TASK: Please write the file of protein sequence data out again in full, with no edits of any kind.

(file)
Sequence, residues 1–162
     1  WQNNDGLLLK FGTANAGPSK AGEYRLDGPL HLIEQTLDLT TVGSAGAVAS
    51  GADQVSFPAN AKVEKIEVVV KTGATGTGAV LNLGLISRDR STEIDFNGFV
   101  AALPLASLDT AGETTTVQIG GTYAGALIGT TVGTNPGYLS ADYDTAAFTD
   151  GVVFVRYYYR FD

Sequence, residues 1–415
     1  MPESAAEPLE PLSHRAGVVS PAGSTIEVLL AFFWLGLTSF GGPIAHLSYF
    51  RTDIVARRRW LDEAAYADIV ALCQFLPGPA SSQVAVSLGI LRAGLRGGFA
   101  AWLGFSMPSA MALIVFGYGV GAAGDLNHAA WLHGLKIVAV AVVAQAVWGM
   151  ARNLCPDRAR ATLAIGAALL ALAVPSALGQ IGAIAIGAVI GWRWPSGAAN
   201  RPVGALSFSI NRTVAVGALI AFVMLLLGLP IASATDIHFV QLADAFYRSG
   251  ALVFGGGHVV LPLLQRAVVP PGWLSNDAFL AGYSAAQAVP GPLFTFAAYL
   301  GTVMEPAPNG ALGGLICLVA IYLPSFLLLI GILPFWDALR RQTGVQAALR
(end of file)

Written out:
Sequence, residues 1–162
     1  WQNNDGLLLK FGTANAGPSK AGEYRLDGPL HLIEQTLDLT TVGSAGAVAS
    51  GADQVSFPAN AKVEKIEVVV KTGATGTGAV LNLGLISRDR STEIDFNGFV
   101  AALPLASLDT AGETTTVQIG GTYAGALIGT TVGTNPGYLS ADYDTAAFTD
   151  GVVFVRYYYR FD

Sequence, residues 1–415
     1  MPESAAEPLE PLSHRAGVVS PAGSTIEVLL AFFWLGLTSF GGPIAHLSYF
    51  RTDIVARRRW LDEAAYADIV ALCQFLPGPA SSQVAVSLGI LRAGLRGGFA
   101  AWLGFSMPSA MALIVFGYGV GAAGDLNHAA WLHGLKIVAV AVVAQAVWGM
   151  ARNLCPDRAR ATLAIGAALL ALAVPSALGQ IGAIAIGAVI GWRWPSGAAN
   201  RPVGALSFSI NRTVAVGALI AFVMLLLGLP IASATDIHFV QLADAFYRSG
   251  ALVFGGGHVV LPLLQRAVVP PGWLSNDAFL AGYSAAQAVP GPLFTFAAYL
   301  GTVMEPAPNG ALGGLICLVA IYLPSFLLLI GILPFWDALR RQTGVQAALR